Allegro CL version 10.1
Unrevised from 10.0 to 10.1.
10.0 version

String utility functions in Allegro CL

This document contains the following sections:

1.0 Operators in the util-string module

The util-string module is designed to contain operators which extend standard Common-Lisp string functionality in ways that are faster, more efficient, or more convenient.

Symbols in the util-string module are in the util.string package. You load the module with the form

(require :util-string)

1.0 Operators in the util-string module



Package: util.string

Arguments: &rest objects

string+ returns a fresh simple string that contains the printed representation of all the individual objects passed as arguments in the order that they are supplied. Actual strings among objects are copied into the result string. Other objects are made into strings as if they were passed to princ-to-string (although the actual mechanism may be different for some types of objects), with *print-pretty* bound to nil. This function is designed to allow string to be used as identifiers or labels to be created quickly and efficiently.

Treatment of NIL as an argument

string+ called with no arguments returns the null string "".

If any arguments are provided, all occurrances of nil are converted to the null string "", so this function acts as if the nil arguments were not provided at all. Symbols other than nil contribute their symbol name to the result string. If you want the symbol name of nil (i.e. "nil" in a modern lisp, "NIL" in an ANSI Lisp) in the result string, apply symbol-name to nil prior to passing the value to string+.

string+ optimizations

The aim of string+ is to be much more efficient than (format nil "..." ...) and more flexible than cl:concatenate. string+ is highly optimized for the following types:

You may not see the same speed or space efficiencies if other types of objects are included.

string+ is also optimized for smaller strings. Creating large strings will also not show much speed improvement over cl:format although it is easier to call.

string+ and print variables

No action is taken by string+ to ensure that the values of the various print variables other than *print-pretty* (like, for example, *print-array*) are appropriate for providing information about the associated object in the string (see the example using *print-array*). If you want better control over how objects of types other than those listed above, such as arrays, floats (which are also affected by variables like *read-default-float-format*), lists, and so on, are included, consider passing the desired print representation as an argument rather than the object or using format in place of string+.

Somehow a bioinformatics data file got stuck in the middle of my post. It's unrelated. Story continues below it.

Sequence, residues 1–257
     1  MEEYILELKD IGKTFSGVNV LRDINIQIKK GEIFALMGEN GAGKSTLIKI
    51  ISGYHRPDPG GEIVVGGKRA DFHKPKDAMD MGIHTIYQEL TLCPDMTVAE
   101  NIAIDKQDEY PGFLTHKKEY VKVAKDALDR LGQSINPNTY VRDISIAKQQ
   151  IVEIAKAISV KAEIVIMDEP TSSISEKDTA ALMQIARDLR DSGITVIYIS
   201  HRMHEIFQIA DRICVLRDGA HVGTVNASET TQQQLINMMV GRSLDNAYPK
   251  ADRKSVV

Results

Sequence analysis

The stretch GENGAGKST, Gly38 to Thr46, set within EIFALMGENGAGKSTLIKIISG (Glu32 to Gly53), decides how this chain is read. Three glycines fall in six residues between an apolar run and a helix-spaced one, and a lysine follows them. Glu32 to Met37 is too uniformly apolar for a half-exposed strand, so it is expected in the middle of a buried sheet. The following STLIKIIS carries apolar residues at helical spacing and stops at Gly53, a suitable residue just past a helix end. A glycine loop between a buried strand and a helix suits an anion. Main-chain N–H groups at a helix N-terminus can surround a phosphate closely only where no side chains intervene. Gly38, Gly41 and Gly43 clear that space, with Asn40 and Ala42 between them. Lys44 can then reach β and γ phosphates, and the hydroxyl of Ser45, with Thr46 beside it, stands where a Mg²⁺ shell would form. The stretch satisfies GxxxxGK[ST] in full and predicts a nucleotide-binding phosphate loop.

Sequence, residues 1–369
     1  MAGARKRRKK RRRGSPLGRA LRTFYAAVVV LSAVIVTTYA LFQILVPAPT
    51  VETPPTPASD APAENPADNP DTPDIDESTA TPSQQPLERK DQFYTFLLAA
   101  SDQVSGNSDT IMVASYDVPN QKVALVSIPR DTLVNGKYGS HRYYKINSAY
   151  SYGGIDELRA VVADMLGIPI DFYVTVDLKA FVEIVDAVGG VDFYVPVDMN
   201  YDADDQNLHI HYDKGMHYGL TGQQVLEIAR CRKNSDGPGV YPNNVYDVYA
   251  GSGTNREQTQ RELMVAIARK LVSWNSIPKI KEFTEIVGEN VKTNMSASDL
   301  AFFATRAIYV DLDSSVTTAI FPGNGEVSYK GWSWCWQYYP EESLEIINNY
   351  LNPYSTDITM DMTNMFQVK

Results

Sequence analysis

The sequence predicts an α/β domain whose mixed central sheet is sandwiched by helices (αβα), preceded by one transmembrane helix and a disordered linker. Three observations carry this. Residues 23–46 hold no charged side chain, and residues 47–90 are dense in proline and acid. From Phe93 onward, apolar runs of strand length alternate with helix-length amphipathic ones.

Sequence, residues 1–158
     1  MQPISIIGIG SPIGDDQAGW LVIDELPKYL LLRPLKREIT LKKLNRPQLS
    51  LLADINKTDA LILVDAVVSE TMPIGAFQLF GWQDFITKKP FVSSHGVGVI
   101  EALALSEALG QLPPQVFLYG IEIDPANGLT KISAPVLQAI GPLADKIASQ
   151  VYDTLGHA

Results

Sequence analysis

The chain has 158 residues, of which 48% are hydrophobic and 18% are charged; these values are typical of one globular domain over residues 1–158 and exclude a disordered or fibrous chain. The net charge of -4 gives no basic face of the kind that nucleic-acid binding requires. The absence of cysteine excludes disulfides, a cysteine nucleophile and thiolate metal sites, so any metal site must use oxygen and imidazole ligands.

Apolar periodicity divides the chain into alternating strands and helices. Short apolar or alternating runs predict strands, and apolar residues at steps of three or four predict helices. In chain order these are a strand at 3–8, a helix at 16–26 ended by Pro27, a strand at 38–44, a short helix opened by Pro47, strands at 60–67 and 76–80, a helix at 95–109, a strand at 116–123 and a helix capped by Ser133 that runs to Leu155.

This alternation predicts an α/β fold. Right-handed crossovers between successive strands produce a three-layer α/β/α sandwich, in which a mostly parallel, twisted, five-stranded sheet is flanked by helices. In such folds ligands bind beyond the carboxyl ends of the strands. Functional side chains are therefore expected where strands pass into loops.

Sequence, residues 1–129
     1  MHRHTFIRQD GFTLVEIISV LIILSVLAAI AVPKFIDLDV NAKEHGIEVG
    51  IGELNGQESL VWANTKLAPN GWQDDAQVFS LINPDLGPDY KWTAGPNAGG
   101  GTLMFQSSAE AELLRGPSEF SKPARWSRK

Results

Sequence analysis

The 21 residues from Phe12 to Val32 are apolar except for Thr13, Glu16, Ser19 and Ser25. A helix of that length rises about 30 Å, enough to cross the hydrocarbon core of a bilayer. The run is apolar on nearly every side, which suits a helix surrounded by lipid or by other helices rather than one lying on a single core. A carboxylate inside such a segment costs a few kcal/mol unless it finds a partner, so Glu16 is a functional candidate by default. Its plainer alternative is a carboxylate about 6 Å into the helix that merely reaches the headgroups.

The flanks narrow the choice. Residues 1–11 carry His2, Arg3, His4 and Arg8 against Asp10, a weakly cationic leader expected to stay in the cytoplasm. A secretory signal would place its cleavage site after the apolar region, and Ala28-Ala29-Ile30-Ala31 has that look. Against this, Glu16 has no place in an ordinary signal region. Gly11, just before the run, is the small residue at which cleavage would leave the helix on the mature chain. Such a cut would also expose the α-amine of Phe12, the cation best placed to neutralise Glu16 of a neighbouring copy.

(use-package :util.string)
(string+ 1 2 3 4 5) RETURNS "12345"
(string+)  RETURNS ""
(setq a "new string")
(setq b (string+ a)) RETURNS "new string"
(eq a b) RETURNS nil

(string+ 1 #\space 2 #\- 3 "=" 4 :x 5) RETURNS "1 2-3=4x5"

(let ((*print-base* 8))
  (string+ 16))
  RETURNS "20"  ;;  *print-base* etc. are respected

;; How more complex objects are stringified depends on things,
;; like print variables, which are not set by STRING+,
;; as this vector example shows:

(setq my-vec (vector 1 2 3 4))
(let ((*print-array* t))
  (string+ my-vec))
    RETURNS "#(1 2 3 4)"
(let ((*print-array* nil))
  (string+ my-vec))
    RETURNS "#<Vector>"

;; Treatment of NIL as an argument (examples from a modern Lisp
;; so symbol names are case-sensitive). NIL is converted to the
;; null string while all other symbols are converted to their

(string+) RETURNS ""
(string+ nil) RETURNS ""
(string+ "foo" nil 'bar) RETURNS "foobar"
(string+ "foo" (symbol-name nil) 'bar nil) 
   RETURNS "foonilbar"

Copyright (c) 1998-2022, Franz Inc. Lafayette, CA., USA. All rights reserved.
This page was not revised from the 10.0 page.
Created 2019.8.20.

Allegro CL version 10.1
Unrevised from 10.0 to 10.1.
10.0 version